All these attempts were aimed at producing a fully and rapidly reusable rocket, which allegedly will dramatically reduce the cost of space transport.
SpaceX's effective first-time launch of a recycled rocket of the Falcon 9 at the Kennedy Space Center in Florida on Thursday, March 30, 2017 has spawned plans for more parts to be reused this year.
Now, the next goal for the company is to re-fly a rocket in a period of just 24 hours.
"Imagine if we were an aircraft company selling aircraft that could be flown many times, and everyone else was selling aircraft that could be flown once, I mean, you know, that's not a very competitive position to be in".
This new milestone could be achieved this year or early next year tops.
Florida Today reported that "the air frame and engines remained the same, but some auxiliary components were replaced".
The rocket's grid fins, which help stabilize and control direction during descent, see some of the heaviest damage. SpaceX claims that its Falcon 9 Heavy will be the most powerful operational rocket in the world by a factor of two. The Falcon Heavy is the higher variant of the Falcon 9 launch vessel and is made of a common Falcon 9 rocket core, with two extra strap-on boosters, anchored in the first stage of Falcon 9 rocket.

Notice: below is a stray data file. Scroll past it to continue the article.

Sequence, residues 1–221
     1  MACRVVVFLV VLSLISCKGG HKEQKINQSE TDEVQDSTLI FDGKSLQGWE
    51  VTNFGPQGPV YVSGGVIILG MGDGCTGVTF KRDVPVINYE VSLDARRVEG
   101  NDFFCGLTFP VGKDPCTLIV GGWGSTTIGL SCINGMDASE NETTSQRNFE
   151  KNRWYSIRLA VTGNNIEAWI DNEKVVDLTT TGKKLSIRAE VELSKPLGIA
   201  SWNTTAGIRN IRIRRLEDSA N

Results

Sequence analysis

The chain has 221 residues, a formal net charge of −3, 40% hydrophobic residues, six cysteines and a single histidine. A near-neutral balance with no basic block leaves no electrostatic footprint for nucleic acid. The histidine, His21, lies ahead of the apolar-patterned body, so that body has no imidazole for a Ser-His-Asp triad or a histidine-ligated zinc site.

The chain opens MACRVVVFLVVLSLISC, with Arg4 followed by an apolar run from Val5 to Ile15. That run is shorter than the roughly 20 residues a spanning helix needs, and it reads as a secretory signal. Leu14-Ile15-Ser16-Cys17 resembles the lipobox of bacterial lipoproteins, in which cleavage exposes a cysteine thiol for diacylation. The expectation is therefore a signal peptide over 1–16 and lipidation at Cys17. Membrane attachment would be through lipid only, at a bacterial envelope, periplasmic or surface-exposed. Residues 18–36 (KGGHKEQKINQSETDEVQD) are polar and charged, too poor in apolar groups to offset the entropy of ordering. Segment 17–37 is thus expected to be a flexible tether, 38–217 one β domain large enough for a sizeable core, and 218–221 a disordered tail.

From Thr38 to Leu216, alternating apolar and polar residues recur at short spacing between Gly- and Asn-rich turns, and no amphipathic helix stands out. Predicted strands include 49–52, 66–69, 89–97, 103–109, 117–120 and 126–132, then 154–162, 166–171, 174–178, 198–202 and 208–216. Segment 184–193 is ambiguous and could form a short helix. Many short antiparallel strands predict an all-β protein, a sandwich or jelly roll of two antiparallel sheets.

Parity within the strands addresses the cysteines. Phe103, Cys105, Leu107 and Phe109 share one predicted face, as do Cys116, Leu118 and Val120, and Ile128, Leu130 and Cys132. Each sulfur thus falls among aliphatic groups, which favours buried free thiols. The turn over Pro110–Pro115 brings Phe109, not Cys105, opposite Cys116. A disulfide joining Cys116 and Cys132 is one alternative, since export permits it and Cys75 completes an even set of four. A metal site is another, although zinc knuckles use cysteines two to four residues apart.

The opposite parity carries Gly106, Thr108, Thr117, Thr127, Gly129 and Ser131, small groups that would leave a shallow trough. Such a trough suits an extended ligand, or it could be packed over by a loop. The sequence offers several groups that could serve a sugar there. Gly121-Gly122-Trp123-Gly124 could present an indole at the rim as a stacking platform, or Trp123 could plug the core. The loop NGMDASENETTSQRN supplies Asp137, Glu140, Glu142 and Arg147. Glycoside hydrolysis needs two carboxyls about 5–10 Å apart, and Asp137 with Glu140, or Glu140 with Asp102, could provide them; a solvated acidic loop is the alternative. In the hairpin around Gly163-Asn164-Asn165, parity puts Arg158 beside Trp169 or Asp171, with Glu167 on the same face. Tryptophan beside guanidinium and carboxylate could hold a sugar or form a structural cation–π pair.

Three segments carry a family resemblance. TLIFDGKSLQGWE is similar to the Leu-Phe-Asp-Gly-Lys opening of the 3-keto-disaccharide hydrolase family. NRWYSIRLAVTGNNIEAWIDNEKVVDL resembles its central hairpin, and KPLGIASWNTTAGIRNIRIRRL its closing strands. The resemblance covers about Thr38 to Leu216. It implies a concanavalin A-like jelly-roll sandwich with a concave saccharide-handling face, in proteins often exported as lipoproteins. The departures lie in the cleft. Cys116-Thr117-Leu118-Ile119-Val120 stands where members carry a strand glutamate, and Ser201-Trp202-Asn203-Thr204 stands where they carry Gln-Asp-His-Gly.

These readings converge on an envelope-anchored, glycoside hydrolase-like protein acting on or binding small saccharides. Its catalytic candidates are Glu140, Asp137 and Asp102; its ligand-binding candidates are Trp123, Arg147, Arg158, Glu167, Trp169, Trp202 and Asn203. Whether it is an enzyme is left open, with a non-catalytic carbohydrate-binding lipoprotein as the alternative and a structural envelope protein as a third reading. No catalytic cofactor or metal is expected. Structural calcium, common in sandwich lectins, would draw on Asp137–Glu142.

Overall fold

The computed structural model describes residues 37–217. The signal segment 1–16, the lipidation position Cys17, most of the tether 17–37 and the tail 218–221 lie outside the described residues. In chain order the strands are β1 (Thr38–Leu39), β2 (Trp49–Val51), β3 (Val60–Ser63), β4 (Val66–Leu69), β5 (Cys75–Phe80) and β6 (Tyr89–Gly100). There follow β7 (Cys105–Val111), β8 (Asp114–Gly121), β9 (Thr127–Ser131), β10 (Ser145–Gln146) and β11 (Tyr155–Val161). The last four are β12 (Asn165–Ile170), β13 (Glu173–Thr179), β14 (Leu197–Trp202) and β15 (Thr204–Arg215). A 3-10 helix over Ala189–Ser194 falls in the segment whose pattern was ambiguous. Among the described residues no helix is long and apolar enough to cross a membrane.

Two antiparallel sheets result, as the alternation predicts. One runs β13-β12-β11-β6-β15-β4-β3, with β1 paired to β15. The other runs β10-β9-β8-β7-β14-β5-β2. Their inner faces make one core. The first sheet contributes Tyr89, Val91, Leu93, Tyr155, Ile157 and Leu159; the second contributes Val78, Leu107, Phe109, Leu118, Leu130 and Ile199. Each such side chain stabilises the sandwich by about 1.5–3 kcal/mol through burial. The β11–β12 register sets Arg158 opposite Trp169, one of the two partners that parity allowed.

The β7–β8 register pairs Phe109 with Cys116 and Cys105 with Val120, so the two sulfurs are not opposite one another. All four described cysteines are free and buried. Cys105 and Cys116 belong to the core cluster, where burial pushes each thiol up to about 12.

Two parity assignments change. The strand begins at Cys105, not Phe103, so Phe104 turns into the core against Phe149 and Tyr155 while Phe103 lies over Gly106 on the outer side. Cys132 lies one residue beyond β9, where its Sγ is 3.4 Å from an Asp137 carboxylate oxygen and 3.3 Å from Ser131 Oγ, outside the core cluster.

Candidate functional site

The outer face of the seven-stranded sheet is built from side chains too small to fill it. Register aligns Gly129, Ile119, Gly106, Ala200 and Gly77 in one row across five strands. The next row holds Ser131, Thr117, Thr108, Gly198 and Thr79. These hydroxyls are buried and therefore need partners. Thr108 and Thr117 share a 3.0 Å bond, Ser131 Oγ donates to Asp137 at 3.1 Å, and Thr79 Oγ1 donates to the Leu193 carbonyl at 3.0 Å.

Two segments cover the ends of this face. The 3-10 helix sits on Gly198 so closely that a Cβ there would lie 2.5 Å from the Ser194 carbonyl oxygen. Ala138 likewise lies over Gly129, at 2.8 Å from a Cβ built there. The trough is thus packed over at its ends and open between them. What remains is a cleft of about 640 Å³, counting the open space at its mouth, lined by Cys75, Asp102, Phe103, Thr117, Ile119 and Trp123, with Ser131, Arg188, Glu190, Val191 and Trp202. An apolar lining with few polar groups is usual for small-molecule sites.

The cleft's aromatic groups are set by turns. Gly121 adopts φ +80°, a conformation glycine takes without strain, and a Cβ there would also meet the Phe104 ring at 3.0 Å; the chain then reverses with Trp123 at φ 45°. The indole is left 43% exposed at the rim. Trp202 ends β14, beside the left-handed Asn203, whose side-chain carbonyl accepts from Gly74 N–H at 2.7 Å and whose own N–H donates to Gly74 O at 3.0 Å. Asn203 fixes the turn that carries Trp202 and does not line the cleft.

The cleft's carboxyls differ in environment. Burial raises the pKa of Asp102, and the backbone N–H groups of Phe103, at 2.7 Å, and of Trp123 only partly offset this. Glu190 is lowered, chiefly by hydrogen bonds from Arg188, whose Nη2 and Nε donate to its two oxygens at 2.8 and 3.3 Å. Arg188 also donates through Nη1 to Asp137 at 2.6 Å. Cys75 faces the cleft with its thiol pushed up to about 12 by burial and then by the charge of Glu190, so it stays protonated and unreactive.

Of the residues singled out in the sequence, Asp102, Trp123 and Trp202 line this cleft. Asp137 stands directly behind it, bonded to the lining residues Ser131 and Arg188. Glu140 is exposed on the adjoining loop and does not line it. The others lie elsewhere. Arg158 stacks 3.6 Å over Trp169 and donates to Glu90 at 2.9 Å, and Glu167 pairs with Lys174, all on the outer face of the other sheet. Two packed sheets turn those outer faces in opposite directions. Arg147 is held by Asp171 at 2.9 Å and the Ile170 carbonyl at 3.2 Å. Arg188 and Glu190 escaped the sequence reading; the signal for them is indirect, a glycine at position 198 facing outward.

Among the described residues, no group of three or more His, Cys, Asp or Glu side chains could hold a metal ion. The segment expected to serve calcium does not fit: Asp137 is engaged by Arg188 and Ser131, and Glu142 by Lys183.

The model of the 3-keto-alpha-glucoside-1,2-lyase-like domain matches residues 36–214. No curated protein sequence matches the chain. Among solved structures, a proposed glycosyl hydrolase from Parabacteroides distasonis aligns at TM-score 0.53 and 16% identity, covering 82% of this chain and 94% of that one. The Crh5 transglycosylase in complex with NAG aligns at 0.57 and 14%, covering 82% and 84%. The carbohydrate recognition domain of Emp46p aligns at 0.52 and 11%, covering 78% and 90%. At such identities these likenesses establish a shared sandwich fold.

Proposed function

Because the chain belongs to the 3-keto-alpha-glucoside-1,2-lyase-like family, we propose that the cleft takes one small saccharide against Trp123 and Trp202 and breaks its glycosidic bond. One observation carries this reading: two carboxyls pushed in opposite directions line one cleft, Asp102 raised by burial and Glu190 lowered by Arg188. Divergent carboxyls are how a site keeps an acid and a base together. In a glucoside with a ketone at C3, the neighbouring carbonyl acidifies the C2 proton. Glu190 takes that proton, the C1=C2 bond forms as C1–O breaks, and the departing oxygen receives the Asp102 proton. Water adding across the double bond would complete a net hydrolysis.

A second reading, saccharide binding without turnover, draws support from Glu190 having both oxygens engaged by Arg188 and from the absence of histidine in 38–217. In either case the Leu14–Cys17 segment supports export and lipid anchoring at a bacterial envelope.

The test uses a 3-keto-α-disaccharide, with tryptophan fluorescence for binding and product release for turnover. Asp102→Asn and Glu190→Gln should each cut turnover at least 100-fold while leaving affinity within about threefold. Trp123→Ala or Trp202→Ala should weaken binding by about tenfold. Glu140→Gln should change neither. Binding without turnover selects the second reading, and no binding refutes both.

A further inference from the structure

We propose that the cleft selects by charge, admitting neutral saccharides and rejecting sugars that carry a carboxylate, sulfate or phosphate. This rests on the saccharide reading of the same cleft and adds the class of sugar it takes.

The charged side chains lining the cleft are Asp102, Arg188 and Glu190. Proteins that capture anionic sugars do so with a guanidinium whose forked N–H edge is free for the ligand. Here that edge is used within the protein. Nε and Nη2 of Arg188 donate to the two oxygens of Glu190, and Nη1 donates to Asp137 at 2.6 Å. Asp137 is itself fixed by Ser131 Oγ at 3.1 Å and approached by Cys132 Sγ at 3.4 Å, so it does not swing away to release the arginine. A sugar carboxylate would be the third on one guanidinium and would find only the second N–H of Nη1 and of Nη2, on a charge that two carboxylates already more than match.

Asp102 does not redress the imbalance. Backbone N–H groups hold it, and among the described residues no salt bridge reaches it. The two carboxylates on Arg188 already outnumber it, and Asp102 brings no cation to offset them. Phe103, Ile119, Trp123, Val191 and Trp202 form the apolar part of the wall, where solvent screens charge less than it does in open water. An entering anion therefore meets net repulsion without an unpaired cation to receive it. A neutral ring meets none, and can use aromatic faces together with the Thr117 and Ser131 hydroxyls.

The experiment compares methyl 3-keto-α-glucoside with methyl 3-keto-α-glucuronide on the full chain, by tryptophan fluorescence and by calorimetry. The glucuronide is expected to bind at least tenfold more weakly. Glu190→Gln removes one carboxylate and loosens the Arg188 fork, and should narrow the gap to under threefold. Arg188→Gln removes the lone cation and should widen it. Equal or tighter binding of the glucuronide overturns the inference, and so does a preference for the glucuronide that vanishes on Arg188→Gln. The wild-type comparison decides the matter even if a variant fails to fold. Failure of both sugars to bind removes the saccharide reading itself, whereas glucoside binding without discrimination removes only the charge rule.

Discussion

Musk also reiterated that the company will conduct the demonstration launch by "late summer", but acknowledged during a Thursday night news conference that flying the Falcon Heavy was a secondary priority for the company. SpaceX refurbished and tested the 15-story booster, still sporting its nine original engines. "It's like its own little spacecraft". The fairing, which shields the satellite on its way to space, costs $6 million, he said.
Speaking of which, the typical SpaceX launch costs around $62 million.
"The potential is there for (an) over a 100-fold reduction in the cost of access to space". But we're getting ahead of ourselves for a moment. Its first priority is launching a lengthy manifest of commercial missions on its Falcon 9 rocket.
If the relaunch of the rockets are as successful as Mr Musk anticipates, they will in turn certainly bring the cost of putting satellites into orbits down substantially, which could potentially bring in countless benefits to mankind. Launch prices might stay the same or at a small discount for some time before more tempting rates apply.